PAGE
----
Understanding the role of microbial communities in human health is emerging as one of the most important and fascinating biomedical challenges of our times 
. Our body harbors an enormous amount of microbial cells, estimated to exceed the number of human cells by an order of magnitude 
. These microbes are organized into complex communities specifically adapted to inhabit different niches of the human body, such as the skin, and the respiratory, gastrointestinal, and urogenital tracts. Such ecosystems carry a broad range of functions indispensable for the wellbeing of the host 
. At the same time, the rise of pathogens within such communities, causing infection and inflammation, constitutes an ongoing challenge in biomedical research. This is especially true in light of the slow rate at which new antibiotics are discovered 
, and the increase in the number of microbes that can resist treatment 
. In contrast to the traditional view of individual pathogens being responsible for disease onset, recent microbial ecosystem diversity analyses seem to point to a new perspective in which the transition from health to disease is attributed to a shift in the global balance of the microbial flora rather than to the specific appearance of individual pathogens 
. However, the mechanisms that underlie the connection between disease or infection and the dynamics of the host-associated ecosystems are still poorly understood.
In this work, we focus on the role of the oral microbial ecosystem in periodontal disease. Periodontal disease is the most common infectious disease affecting tooth-supporting structures. Left untreated, periodontitis can lead to, or aggravate existing systemic conditions such as cardiovascular disease, diabetes, pulmonary diseases, and obesity 
. In dentistry, understanding the changes in the oral microbiome that foretell the early stages of periodontitis and dental caries, the most prevalent chronic oral diseases, may allow the better diagnosis and treatment before the appearance of the telltale clinical manifestations of these diseases (such as tissue damage in periodontal pockets or dental hard tissue loss). The emergence and evolution of antibiotic resistance in periodontal pathogens has affected the therapeutic success rates for this disease 
. New approaches are urgently needed to help regain control over periodontal disease, and microbiome studies offer a promising new angle of attack. Unraveling the complex interactions that define the oral microbiome is a fundamental, but complex component of this endeavor.
Recent developments in systems biology make it possible to perform quantitative modeling of genome-scale metabolic networks for individual microbial species 
and have been recently extended to explore small microbial consortia 
, possibly paving the way for future quantitative studies of the microbiome. However, at the ecosystem level, current modeling efforts and quantitative analyses are heavily limited by the unavailability of relevant data. Towards this goal, increasingly accessible metagenomic sequencing approaches hold the promise to enable a global systemic view of the human oral microbiome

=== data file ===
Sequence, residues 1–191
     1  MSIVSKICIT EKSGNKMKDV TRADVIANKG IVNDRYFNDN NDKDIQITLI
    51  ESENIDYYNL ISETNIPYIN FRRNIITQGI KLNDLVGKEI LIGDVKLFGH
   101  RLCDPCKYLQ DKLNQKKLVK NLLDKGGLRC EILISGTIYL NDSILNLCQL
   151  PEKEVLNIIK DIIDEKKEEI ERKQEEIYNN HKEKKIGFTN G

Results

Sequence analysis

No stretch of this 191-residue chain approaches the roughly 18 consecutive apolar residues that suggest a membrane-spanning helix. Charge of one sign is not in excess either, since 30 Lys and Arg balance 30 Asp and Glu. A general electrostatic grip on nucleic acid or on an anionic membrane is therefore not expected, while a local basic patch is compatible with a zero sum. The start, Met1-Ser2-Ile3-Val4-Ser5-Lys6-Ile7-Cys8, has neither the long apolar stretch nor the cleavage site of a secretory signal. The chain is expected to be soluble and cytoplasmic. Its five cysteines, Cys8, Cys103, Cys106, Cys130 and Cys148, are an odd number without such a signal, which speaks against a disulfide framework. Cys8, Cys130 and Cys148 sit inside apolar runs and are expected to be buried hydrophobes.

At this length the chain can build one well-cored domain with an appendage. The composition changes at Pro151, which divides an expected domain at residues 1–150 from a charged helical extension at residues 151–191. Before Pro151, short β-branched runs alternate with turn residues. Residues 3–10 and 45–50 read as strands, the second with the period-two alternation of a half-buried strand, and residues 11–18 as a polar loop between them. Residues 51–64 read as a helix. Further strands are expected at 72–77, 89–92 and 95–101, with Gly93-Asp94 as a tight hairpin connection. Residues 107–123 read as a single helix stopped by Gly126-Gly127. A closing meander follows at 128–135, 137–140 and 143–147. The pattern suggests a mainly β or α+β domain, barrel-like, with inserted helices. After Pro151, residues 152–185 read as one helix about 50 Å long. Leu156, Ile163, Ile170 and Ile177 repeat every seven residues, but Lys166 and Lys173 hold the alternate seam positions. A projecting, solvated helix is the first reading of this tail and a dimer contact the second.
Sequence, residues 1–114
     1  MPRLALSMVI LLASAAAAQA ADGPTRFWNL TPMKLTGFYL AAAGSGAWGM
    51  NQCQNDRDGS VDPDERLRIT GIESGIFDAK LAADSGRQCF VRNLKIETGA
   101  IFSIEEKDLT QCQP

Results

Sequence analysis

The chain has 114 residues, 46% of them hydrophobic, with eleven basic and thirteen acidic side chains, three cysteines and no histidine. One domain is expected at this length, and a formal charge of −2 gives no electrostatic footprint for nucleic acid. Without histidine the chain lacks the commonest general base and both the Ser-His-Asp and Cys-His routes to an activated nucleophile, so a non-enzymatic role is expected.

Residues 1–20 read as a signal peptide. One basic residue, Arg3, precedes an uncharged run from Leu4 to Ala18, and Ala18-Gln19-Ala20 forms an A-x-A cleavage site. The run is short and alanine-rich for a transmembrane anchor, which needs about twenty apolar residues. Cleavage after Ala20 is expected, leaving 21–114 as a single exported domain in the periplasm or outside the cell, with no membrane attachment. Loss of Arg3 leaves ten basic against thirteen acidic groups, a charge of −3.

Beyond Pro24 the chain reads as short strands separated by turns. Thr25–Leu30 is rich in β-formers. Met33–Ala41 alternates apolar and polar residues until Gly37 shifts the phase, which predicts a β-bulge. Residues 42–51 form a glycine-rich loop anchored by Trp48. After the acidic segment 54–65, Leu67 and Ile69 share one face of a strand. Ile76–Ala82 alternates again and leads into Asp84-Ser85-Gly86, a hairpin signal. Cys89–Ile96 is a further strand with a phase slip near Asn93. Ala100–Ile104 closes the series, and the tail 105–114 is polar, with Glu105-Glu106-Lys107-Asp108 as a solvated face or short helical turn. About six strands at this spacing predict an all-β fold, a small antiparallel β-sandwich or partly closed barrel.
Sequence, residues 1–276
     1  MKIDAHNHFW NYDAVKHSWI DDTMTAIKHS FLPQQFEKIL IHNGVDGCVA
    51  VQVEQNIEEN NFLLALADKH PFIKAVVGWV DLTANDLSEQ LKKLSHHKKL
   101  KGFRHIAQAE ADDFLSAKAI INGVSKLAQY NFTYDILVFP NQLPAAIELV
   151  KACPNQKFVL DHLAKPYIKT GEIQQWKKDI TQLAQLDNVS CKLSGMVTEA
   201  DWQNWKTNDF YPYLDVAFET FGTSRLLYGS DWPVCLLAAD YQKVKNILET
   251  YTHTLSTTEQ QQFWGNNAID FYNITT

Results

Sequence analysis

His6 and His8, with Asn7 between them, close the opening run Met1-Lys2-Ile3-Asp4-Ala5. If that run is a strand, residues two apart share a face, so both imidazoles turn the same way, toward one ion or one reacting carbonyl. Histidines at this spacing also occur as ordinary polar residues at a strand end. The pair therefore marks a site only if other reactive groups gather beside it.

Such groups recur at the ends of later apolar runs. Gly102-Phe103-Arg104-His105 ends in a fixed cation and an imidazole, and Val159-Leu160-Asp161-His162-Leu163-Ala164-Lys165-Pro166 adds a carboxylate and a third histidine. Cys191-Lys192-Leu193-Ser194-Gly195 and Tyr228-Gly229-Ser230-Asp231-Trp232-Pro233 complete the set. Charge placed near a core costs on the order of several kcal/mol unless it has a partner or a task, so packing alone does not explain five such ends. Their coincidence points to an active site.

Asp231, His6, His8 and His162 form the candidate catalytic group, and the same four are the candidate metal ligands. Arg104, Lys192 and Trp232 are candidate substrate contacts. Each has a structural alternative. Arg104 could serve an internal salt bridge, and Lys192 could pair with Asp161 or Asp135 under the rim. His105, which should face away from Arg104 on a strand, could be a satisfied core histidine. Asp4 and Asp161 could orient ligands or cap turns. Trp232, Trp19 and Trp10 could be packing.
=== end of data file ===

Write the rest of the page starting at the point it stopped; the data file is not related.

. Recent advances in sequencing technology are enabling scientists to generate billions of nucleotide bases at a fraction of the cost per base of traditional methods 
. This deep sequencing has revealed an unexpectedly high diversity of the human oral microbiome: dental plaque pooled from 98 healthy adults comprised about 10,000 microbial phylotypes 
- an order of magnitude higher than the previously reported 700 oral microbial phylotypes as identified by cultivation or traditional cloning and sequencing 
. The total diversity of the global oral microbiome can be estimated to be around 25,000 phylotypes 
. To date, however, we do not know how many of these microbes contribute to periodontal disease, what metabolic functions are key players in the transition from health to disease, or how common or exclusive are the oral microbiomes of unrelated healthy individuals.
Here we combine the collection of whole-community sequencing data with a number of computational analyses to provide a snapshot of the microbial component of periodontal disease at a high resolution. Specifically, we collected subgingival plaque samples from healthy and periodontally affected patients and subjected them to 16S rDNA analysis and deep sequencing in order to explore their microbiome. Our analyses reveal a number of trends in genomic diversity and biological function enrichment during disease that allow us to formulate a novel hypothesis on the nature of periodontal disease. We also demonstrate the power of high-throughput sequencing approaches by reconstructing an unculturable member of the TM7 group, complementing an initial analysis that relied on single cell genomic approaches. We also characterize several regions of variation within one of the dominant members of the oral cavity, Actinomyces naeslundii. This paper describes a genomic and metabolic examination of the differences between the healthy and diseased periodontal microbiome.